Tag Archives: World War I

Trump’s belittling of brass simply stinks beyond belief

The history of Donald Trump’s pre-business history is well-known.

He sought to avoid service in the military during the height of the Vietnam War. He received dubious medical deferments citing bone spurs or some such ailment that kept him out of being eligible for military service.

He went into business. Made a lot of money. Lost a lot of money. Had mixed success as a business mogul. Then he went into politics. He ran for president of the United States. He won!

So for this current president to dress down men who have served their country honorably, in combat, thrust themselves into harm’s way is insulting, degrading and astonishingly unpatriotic.

Two reporters for the Washington Post, Philip Rucker and Carol Leonnig, have written a book that tells just how disgraceful Trump’s conduct has gotten with regard to the military high command. An excerpt from that book tells of a meeting in a Pentagon room called The Tank. The brass sought to explain the nuts and bolts of military matters to the commander in chief. He was having none of it.

He called the generals “babies and dopes.” He has told them they are “losers” and said he wouldn’t “go into battle” with them.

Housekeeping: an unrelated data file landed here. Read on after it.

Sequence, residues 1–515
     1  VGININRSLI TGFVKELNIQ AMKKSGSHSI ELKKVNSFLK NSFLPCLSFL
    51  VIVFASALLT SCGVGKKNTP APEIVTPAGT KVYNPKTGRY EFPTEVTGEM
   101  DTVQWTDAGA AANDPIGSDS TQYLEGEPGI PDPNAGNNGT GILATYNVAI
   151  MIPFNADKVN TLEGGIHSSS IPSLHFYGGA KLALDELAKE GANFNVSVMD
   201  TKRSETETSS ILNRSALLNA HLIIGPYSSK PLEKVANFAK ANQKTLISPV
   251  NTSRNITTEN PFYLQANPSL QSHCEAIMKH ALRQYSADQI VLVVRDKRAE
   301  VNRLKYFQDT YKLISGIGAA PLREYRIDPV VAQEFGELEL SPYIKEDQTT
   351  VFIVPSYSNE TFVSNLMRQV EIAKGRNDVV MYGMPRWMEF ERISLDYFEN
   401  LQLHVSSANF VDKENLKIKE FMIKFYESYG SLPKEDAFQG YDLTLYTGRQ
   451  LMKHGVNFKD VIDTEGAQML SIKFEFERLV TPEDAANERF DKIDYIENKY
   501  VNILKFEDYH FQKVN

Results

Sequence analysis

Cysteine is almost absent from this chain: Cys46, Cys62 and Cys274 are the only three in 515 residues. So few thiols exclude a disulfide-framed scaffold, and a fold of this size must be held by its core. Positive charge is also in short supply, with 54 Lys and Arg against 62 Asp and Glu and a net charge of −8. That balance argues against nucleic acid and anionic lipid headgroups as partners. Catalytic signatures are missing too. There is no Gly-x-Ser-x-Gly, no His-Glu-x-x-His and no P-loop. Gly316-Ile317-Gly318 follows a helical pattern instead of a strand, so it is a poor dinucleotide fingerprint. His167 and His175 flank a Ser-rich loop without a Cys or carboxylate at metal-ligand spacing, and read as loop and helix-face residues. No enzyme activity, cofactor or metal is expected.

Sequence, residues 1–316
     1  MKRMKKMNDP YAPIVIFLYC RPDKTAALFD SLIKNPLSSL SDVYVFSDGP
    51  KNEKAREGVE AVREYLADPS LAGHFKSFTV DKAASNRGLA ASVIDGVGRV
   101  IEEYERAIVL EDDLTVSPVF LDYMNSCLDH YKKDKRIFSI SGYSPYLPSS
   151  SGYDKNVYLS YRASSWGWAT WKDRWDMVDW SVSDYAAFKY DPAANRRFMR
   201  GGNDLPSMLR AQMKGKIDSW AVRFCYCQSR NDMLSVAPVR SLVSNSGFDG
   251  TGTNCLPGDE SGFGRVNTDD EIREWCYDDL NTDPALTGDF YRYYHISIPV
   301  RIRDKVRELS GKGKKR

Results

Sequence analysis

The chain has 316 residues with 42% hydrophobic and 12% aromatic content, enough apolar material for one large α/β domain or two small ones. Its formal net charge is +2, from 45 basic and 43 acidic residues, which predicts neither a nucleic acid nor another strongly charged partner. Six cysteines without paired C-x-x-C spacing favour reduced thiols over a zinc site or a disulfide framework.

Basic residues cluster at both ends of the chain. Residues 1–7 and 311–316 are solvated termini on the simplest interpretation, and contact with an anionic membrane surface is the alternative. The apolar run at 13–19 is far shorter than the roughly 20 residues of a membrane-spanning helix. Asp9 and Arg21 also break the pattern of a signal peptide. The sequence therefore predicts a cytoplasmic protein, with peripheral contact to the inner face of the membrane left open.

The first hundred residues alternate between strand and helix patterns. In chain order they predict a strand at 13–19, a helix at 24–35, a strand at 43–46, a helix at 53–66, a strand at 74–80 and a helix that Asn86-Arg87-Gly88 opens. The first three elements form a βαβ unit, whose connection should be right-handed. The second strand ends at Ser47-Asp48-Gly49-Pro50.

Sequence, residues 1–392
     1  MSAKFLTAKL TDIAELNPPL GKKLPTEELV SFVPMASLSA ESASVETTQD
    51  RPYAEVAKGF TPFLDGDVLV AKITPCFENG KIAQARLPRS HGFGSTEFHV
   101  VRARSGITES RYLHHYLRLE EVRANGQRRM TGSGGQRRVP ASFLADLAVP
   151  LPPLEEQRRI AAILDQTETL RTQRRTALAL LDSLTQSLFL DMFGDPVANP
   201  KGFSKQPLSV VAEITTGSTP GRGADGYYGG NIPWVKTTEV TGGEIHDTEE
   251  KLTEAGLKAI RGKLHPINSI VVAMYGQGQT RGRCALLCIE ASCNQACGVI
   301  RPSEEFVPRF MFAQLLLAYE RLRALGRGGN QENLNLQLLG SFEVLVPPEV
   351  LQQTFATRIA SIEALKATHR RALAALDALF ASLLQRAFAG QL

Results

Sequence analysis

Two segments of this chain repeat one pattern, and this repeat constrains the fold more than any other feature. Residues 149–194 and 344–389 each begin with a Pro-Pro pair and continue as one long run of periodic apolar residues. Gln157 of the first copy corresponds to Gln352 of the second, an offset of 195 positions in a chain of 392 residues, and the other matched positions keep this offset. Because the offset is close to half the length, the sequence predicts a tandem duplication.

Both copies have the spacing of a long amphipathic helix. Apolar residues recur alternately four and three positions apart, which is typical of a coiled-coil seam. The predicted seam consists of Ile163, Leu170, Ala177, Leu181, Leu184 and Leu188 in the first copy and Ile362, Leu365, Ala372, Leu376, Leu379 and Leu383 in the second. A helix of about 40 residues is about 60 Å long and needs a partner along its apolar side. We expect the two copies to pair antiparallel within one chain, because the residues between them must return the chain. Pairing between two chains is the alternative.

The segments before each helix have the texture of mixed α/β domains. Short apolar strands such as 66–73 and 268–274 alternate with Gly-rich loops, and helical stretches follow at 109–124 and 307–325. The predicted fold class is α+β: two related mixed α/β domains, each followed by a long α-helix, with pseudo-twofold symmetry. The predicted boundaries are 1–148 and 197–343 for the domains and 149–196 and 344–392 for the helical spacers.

I am trying imagine, were I one of those decorated combat veterans, hearing such denigration coming from the commander in chief. The entire world knows this man’s history. We all know that, when he had the opportunity to serve his country, he chose another path.

Don’t misunderstand me on this score. I do not begrudge a president who’s never worn the nation’s military uniform. Two recent presidents did not serve: Barack Obama or Bill Clinton. Neither did Franklin Roosevelt or Woodrow Wilson, both of whom led this country through two world wars.

What is so objectionable is the snarky attitude this president demonstrates to individuals who have done what he sought to avoid doing. That he would speak to these patriots in such a manner is disgraceful on its face.

My favorite veteran would enjoy the recognition he deserves

The picture you see here reveals my favorite veteran. He’s the fellow on the right, the sailor who is standing guard next to a British marine in front of a door where some highly sensitive negotiations were underway.

The sailor is Pete Kanelis, my father. The marine’s name, as Dad told me, was Tony. That’s all I know. The year was 1943. The place was off the coast of Sicily aboard a command ship in the Mediterranean Sea.

The negotiation involved the Allied naval commander in the Med and the British prime minister, Winston Churchill.

So, Dad had a brush with arguably the 20th century’s greatest statesman. As Dad told me the story, Churchill looked at him, asked Dad a question, then patted him on the head and said something like, “There you go, Yank.”

Dad will be among the veterans we will honor Monday. It’s called Veterans Day, a holiday that came into being known as Armistice Day; it was established to commemorate the end of World War I, which was supposed to be The War to End All Wars. It wasn’t.